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The chapter about solving linear systems in the qiskit textbook describes the last (6th) step of the HHL algorithm as follows

Apply an observable $M$ to calculate $F(x):=\langle x |M|x\rangle$.

How is this observable $M$ chosen? What are the considerations?

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The main limitation of the HHL algorithm is that the solution to the linear system $Ax = b$ is obtained as a quantum state $|x\rangle$. Thus, we cannot determine the full vector $x$ directly without running the algorithm an exponential number of times.

However, we can estimate $f(x)$ where $f$ is any function of the solution which can be expressed as $f(x) = \langle x|M|x \rangle$ for a Hermitian operator $M$ which we know how to measure. The HHL algorithm is useful in applications where we know how to cast the quantity of interest as such a function. Designing and implementing an observable $M$ appropriate for a given application is one of the key tasks in using the algorithm.


Example of what can be computed

A fairly general example of a quantity we know how to efficiently estimate from $|x\rangle$ is the overlap $f_\psi(x) = \langle x| \psi\rangle$ of $|x\rangle$ with any quantum state $|\psi\rangle$ for which we know the preparation, e.g. $|\psi\rangle = U|0\rangle$. We can accomplish this using the Hadamard test.

We start with an auxiliary qubit $A$ in the $|+\rangle$ state and a quantum register $R$ in the $|0\dots0\rangle$ state. Using controlled operations we apply $U$ to $R$ if $A$ is $|0\rangle$ and if $A$ is $|1\rangle$ we put $R$ into the state $|x\rangle$ using the HHL algorithm. These operations result in the entangled state

$$ \frac{1}{\sqrt{2}}(|0\rangle|\psi\rangle + |1\rangle|x\rangle).\tag1 $$

Now, in order to estimate the real part of $\langle x|\psi\rangle$ we first apply Hadamard to $A$, obtaining

$$ \frac{1}{2}|0\rangle(|\psi\rangle + |x\rangle) + \frac{1}{2}|1\rangle(|\psi\rangle - |x\rangle) $$

and then we measure $A$ in the computational basis. The output probabilities are

$$ p_0 = \langle\phi|0\rangle\langle 0|\phi\rangle = \frac{1}{4}(\langle\psi|\psi\rangle + \langle\psi|x\rangle + \langle x|\psi\rangle + \langle x|x\rangle) = \frac{1}{2} + \frac{\mathrm{Re} \, \langle x|\psi\rangle}{2} \\ p_1 = \langle\phi|1\rangle\langle 1|\phi\rangle = \frac{1}{4}(\langle\psi|\psi\rangle - \langle\psi|x\rangle - \langle x|\psi\rangle + \langle x|x\rangle) = \frac{1}{2} - \frac{\mathrm{Re} \, \langle x|\psi\rangle}{2}. $$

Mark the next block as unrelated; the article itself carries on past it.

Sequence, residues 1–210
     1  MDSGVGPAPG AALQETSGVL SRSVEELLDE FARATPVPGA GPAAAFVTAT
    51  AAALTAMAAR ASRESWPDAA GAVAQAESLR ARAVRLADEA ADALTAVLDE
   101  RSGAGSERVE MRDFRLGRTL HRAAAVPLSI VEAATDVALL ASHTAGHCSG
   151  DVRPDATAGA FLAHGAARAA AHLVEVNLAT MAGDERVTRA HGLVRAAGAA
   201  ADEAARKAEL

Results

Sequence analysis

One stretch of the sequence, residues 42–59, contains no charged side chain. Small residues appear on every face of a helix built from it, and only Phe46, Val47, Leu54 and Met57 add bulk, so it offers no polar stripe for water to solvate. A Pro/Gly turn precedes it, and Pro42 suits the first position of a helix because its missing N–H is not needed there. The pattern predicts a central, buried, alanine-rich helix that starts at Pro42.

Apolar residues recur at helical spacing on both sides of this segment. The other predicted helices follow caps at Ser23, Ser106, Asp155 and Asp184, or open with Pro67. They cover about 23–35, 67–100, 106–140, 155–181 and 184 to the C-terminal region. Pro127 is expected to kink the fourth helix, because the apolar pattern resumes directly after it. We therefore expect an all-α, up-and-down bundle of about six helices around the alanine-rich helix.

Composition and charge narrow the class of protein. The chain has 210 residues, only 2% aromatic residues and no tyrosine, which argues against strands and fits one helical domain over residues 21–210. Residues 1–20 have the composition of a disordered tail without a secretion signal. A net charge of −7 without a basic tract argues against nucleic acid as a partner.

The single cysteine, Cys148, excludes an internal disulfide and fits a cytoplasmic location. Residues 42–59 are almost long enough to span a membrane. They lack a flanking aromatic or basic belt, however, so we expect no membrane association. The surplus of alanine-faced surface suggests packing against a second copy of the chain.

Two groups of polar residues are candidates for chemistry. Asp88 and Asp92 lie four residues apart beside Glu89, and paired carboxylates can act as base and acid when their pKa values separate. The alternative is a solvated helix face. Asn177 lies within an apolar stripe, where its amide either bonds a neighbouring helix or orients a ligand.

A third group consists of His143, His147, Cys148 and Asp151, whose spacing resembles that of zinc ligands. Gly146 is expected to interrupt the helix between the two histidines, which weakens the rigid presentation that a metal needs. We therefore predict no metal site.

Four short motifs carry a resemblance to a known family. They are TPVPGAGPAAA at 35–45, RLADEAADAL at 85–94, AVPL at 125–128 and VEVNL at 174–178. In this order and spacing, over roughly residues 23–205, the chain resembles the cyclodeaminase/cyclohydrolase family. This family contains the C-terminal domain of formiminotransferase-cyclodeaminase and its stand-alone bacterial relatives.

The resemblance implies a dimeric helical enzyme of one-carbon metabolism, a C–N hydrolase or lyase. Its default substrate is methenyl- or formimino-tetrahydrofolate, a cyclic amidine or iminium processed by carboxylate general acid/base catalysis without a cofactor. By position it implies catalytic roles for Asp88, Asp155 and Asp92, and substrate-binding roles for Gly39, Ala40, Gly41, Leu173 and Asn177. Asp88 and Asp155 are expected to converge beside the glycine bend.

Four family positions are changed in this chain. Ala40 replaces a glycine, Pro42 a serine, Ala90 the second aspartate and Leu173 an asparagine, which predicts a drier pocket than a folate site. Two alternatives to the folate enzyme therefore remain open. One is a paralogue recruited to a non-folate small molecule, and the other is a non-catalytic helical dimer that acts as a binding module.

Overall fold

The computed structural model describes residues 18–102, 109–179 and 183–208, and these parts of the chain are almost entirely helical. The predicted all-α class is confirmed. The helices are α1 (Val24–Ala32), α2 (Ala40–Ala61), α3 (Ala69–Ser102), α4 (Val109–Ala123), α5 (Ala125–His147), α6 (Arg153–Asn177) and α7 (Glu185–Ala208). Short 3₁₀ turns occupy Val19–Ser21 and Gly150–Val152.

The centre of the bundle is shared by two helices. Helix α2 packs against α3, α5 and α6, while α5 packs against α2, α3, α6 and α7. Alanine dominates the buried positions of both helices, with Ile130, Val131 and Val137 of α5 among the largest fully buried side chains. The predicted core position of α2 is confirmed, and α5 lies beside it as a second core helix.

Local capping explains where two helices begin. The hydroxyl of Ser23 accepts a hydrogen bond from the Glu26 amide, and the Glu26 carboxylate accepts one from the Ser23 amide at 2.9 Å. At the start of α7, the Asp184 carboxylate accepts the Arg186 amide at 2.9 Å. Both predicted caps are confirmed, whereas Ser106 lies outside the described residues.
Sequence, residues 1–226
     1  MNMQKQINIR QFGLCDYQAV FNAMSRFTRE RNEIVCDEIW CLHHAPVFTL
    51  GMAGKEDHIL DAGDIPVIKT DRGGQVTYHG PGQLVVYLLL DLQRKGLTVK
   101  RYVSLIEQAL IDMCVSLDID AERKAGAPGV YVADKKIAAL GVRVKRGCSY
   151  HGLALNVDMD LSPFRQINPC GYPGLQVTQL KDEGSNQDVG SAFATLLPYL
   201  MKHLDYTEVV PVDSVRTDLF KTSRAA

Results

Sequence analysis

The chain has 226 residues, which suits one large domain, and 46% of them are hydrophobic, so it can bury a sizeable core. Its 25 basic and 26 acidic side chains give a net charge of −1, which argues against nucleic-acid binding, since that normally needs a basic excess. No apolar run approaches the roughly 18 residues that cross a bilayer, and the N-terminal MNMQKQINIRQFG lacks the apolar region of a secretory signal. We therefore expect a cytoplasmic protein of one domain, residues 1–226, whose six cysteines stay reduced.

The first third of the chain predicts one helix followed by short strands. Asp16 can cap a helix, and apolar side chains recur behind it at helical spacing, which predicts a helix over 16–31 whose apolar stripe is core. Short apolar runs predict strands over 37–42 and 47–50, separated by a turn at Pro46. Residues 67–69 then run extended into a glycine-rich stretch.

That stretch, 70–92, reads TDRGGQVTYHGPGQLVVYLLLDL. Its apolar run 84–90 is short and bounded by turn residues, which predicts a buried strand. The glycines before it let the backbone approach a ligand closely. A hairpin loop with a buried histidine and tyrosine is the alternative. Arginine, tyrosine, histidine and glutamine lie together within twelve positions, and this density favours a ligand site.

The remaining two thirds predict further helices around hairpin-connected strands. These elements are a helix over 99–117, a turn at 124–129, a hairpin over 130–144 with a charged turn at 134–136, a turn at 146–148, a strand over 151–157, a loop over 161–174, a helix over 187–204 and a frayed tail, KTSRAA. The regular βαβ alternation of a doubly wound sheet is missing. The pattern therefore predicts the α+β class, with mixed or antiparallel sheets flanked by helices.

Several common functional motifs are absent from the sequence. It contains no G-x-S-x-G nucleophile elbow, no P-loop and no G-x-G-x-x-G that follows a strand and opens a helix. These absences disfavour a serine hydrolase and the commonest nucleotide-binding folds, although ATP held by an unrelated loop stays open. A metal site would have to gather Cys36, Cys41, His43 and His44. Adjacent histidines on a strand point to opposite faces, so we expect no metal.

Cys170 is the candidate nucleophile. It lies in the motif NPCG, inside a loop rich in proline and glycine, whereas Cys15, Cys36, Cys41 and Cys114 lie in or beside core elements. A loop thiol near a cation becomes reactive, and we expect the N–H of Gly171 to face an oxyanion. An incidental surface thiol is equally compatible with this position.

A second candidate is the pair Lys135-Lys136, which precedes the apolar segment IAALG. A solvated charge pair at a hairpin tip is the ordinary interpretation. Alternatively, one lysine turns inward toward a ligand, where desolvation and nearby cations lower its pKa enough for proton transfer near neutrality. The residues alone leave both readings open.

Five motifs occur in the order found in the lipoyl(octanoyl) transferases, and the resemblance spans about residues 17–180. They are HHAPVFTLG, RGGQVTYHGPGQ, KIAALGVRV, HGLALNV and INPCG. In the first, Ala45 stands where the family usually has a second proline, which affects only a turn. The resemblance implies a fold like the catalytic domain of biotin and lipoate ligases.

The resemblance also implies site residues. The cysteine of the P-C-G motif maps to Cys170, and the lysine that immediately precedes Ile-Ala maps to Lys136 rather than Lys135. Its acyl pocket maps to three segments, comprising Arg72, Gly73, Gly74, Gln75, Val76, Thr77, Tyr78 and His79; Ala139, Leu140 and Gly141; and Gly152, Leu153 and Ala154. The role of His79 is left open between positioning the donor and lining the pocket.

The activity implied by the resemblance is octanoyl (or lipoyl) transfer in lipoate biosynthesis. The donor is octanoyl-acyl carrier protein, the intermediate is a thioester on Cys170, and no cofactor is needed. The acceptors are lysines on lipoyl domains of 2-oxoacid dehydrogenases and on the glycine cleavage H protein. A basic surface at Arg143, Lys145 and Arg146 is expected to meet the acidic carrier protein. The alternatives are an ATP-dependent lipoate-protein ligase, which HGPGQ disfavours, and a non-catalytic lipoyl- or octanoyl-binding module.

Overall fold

In order to estimate the imaginary part of $\langle x|\psi\rangle$ we first apply the $S$ gate and then Hadamard to $A$ in $(1)$, obtaining

$$ \frac{1}{2}|0\rangle(|\psi\rangle + i|x\rangle) + \frac{1}{2}|1\rangle(|\psi\rangle - i|x\rangle) $$

and then we measure $A$ in the computational basis. This time, the output probabilities are

$$ p_0 = \langle\phi|0\rangle\langle 0|\phi\rangle = \frac{1}{4}(\langle\psi|\psi\rangle + i\langle\psi|x\rangle - i\langle x|\psi\rangle + \langle x|x\rangle) = \frac{1}{2} + \frac{\mathrm{Im} \, \langle x|\psi\rangle}{2} \\ p_1 = \langle\phi|1\rangle\langle 1|\phi\rangle = \frac{1}{4}(\langle\psi|\psi\rangle - i\langle\psi|x\rangle + i\langle x|\psi\rangle + \langle x|x\rangle) = \frac{1}{2} - \frac{\mathrm{Im} \, \langle x|\psi\rangle}{2}. $$

A simple special case of the above is the efficient estimation of the $k$th component $x_k$ of $x$. Another is the determination whether solutions $x_1$ and $x_2$ to two linear systems $A_1x_1=b_1$ and $A_2x_2=b_2$ are orthogonal.

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